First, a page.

While most non-profit organisations (NGOs) and non-profit companies (NPCs) spend little on publications, either because they are cash-strapped or want to maximise spending on their beneficiaries, the one substantial publication they are likely to produce is the annual report (a legal requirement for NGOs in terms of sections 18 and 19 of the Nonprofit Organisations’ Act).
An annual report can be so much more than a vehicle for presenting annual financial statements or introducing changes to boards and management.
Ten benefits of a properly presented annual report
1. Advocate the cause. A recent survey of 224 US donors by the organisation Root Cause (www.rootcause.org), showed that most donors (69%) gave to a cause that they had knowledge about and were more likely to make a first donation to an organisation based on the cause rather than knowledge of the organisation requesting funding. The study found that donors want information about the cause and easy access to an NGO’s results (i.e. proof of the success of organisation’s activities).
2. Say thank you. Annual reports allow organisations to acknowledge the work and contributions of staff, board members and volunteers.
3. Give donors assurance of legitimacy. Your annual report provides assurance by showing information about your financial position (i.e. that you are a ‘going concern’), leadership and governance, physical location and activities.
4. Demonstrate transparency. Strong transparency is indicated in the annual report through the vision and mission statements, governance reports, financial disclosure and declaration of membership and management.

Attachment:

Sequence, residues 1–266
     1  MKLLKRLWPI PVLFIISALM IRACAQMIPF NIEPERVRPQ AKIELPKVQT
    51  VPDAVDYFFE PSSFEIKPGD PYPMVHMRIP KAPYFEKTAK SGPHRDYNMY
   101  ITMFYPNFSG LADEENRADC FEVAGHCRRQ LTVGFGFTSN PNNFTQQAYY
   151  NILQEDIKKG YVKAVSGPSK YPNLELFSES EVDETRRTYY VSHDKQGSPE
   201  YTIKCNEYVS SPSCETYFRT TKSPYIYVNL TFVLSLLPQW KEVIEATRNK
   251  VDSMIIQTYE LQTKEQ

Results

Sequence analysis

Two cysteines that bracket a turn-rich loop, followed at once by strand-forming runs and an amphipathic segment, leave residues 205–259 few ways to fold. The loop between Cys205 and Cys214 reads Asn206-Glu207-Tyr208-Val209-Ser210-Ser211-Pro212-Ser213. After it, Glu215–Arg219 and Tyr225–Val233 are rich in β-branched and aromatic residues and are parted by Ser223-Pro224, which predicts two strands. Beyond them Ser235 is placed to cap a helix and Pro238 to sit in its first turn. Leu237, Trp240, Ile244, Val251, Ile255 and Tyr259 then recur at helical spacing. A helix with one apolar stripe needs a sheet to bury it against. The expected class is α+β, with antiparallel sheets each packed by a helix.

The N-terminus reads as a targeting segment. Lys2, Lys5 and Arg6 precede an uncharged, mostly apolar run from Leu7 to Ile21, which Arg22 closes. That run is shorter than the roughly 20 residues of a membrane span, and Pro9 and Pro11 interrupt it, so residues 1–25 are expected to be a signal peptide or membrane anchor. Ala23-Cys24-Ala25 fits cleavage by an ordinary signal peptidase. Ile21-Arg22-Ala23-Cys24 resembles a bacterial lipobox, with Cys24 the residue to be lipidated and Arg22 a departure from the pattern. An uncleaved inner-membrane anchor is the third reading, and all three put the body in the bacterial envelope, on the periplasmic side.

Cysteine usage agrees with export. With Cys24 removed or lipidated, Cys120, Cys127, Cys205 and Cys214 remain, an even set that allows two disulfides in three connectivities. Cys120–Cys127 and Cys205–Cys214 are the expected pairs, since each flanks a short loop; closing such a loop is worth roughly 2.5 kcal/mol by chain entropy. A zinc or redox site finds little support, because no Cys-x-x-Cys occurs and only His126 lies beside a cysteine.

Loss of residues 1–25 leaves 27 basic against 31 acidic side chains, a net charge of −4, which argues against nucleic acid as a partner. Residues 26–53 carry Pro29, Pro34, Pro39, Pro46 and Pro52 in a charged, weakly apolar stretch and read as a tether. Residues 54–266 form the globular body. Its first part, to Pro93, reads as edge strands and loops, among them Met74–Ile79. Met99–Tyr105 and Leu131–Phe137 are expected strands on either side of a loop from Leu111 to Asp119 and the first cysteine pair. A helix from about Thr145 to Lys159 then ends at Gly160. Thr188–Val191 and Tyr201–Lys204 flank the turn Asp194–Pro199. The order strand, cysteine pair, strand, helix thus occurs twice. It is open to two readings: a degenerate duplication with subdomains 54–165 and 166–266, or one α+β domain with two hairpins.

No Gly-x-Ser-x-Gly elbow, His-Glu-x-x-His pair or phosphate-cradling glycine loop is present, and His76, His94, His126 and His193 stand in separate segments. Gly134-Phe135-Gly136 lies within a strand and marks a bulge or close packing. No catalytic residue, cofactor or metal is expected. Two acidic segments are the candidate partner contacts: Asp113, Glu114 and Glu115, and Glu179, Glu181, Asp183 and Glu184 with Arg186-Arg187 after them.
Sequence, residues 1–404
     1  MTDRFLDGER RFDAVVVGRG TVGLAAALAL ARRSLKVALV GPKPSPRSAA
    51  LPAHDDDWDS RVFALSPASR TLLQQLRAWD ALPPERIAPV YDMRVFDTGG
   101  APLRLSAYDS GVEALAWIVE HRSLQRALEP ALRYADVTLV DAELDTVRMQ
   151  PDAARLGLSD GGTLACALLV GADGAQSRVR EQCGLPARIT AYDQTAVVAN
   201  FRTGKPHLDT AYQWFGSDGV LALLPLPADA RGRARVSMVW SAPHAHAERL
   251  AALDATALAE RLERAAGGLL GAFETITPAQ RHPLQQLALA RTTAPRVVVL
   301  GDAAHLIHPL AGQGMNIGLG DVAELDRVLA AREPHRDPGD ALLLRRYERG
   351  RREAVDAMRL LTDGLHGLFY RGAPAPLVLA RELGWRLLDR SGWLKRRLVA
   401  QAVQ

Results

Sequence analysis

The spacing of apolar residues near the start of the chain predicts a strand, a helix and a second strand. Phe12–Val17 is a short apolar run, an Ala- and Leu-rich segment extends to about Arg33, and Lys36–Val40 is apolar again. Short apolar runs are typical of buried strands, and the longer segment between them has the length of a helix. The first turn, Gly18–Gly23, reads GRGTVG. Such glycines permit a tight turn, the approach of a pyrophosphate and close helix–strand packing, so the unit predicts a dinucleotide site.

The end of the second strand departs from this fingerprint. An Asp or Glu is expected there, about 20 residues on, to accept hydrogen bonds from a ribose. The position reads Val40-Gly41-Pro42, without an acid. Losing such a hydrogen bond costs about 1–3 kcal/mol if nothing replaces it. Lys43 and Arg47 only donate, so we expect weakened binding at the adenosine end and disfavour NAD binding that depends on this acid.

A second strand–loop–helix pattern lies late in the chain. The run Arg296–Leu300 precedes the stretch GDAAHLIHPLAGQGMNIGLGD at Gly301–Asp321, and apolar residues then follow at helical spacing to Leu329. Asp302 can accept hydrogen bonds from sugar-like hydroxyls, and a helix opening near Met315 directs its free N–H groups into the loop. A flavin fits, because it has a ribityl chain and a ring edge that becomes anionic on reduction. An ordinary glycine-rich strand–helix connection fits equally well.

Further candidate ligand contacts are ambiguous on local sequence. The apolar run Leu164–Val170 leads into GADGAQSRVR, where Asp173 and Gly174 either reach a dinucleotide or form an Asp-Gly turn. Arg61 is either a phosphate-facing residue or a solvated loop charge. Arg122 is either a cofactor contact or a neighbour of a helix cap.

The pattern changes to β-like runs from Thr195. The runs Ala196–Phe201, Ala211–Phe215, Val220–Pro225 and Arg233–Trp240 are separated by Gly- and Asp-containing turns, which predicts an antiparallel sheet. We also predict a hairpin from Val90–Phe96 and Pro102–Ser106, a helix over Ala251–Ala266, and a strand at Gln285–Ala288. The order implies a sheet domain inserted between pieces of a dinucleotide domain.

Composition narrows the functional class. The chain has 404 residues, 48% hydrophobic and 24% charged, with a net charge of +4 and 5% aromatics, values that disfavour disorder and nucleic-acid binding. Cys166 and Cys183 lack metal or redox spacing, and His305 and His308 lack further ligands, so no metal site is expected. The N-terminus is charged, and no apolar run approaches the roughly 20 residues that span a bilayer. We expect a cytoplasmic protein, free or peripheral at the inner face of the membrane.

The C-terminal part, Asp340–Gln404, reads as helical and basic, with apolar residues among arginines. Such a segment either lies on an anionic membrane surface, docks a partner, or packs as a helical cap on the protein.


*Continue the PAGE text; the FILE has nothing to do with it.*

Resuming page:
5. Assure donors of credibility. Annual reports can be used to advocate your cause, showcase your track record of successes, explain your challenges and demonstrate alignment with targeted funders’ criteria.
6. Mirror corporate responsibility. The King Commission on Corporate Governance third report (King III, 2009) is the governance standard for corporate donors. Your annual report can showcase your organisation’s ethical culture and application of King III, which is all the more credible for being voluntary.
7. Showcase the donor. Your annual report can assist your donor to showcase its corporate social responsibility to your stakeholders. Your donor will appreciate this as ad spend.
8. Synergise media. Once copy and images have been sourced for the annual report, they can be economically ‘recycled’ in other media, such as the organisation’s website and social media pages, as well as used in funding proposals and as a comprehensive ‘takeaway’ for VIP guests and potential donors.
9. Market your brand. Electronic copies can be tailored and distributed cheaply to stakeholders, peer organisations, potential partners and volunteers and can help to position your organisation as an important player and leading ‘brand’ in your sector.
10. Protect intellectual property. Annual reports help to preserve institutional knowledge and act as a useful record of work.
While they’re time-consuming to produce, and require consultation and contributions across the organisation, the benefits of a visually appealing, clear and concise annual report far outweigh the costs.